U.S. companies with the most to lose in China

The China market collapse explained
The China market collapse explained

China's stock market is in freefall mode again. If it gets any worse, that could become a problem for some big American companies.

Several blue chips are betting heavily on the Chinese consumer. According to data from FactSet Research, 10 firms in the benchmark S&P 500 index generated at least 30% of their sales from China last year.

So far, the U.S. stock market has largely shrugged off concerns about what's going on in China. But that may not last, particularly for the companies that stand to lose the most from a sluggish Chinese economy.

The company with the most exposure? Mobile chip company Skyworks Solutions (SWKS). It had more than two-thirds of its revenue from China last year.

In fact, many of the companies doing big business in China are chip firms that are major suppliers to smartphone makers. Nearly half of Qualcomm's (QCOM) sales were from China.

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Smaller mobile chip companies Avago (AVGO) and Qorvo (QRVO) also had about half of their revenue from China.

Semiconductor manufacturers Micron (MU), Texas Instruments (TXN) and Altera (ALTR) all reported more than 30% of sales from China last year. (Ironically enough, Micron is reportedly a takeover target from Chinese rival Tsinghua.)

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There have been growing concerns that the market volatility in China could be a sign that the Chinese economy is rapidly losing steam.

If that's the case, all these companies could suffer since sales of consumer gadgets may fall.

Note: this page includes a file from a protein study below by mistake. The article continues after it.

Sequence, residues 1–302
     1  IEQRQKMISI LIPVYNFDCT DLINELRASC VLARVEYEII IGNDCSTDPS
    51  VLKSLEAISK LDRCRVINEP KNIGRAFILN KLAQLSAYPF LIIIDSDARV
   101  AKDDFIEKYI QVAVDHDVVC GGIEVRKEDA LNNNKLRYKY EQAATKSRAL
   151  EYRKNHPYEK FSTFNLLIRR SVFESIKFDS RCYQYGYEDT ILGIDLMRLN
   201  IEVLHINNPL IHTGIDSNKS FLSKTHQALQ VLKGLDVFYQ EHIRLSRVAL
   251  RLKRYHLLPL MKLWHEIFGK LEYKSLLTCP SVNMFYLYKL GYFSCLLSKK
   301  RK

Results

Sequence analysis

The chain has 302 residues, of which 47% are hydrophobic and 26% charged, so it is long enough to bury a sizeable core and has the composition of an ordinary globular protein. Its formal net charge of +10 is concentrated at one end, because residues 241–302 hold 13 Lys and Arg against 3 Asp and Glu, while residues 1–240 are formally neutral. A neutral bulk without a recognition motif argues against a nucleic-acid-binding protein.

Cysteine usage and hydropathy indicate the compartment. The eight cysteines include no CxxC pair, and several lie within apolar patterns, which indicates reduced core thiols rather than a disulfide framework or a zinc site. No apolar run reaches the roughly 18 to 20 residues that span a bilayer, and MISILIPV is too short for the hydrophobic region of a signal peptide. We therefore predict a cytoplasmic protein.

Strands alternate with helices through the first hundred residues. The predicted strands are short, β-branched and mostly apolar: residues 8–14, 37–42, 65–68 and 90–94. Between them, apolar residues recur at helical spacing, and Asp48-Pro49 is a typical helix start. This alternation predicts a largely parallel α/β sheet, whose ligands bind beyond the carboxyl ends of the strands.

That would be a concern for Apple as well. China is increasingly important to Apple (AAPL), which generated more than 16% of its sales from China in its most recent fiscal year.

Apple is also a major customer of chips from Skyworks, Qualcomm. Qorvo and Avago. Those four stocks all tumbled last week, partly due to concerns about slowing demand in China after Apple reported lower than expected iPhone sales in its most recent earnings.

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But tech companies aren't the only ones that have a lot to lose in China. Fast food giant Yum! Brands (YUM) generated more than half of its sales from China last year.

Yum's KFC restaurants are big in China. But sales have slowed recently due to a food safety scandal last year. Some hedge funds have even been advocating for Yum to spin off its Chinese operations.

Shipping and logistics firm Expeditors International (EXPD) had nearly a third of its sales come from China last year. So did Mead Johnson Nutrition (MJN), which makes the popular baby formula Enfamil.

Gaming giants MGM Resorts (MGM), Las Vegas Sands (LVS) and Wynn (WYNN) have gone all-in on China too, so to speak. They each have subsidiaries that own casinos in Macau.

And there are plenty of other S&P 500 companies with household names that have a decent amount of exposure.

Intel (INTC), Boeing (BA), Starbucks (SBUX), Walmart (WMT), Tiffany (TIF), Kimberly-Clark (KMB), Western Union (WU) and MasterCard (MA) all had at least of 10% of last year's annual sales from China, according to FactSet.

So make no mistake. The convulsions in China's stock market could soon matter a lot to many American companies ... and their investors.

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